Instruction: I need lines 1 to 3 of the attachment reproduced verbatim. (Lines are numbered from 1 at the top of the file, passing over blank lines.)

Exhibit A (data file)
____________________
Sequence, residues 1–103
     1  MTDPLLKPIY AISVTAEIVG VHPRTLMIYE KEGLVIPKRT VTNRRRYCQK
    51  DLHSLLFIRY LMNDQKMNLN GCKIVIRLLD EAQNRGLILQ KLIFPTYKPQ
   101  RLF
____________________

Sequence, residues 1–103
     1  MTDPLLKPIY AISVTAEIVG VHPRTLMIYE KEGLVIPKRT VTNRRRYCQK
    51  DLHSLLFIRY LMNDQKMNLN GCKIVIRLLD EAQNRGLILQ KLIFPTYKPQ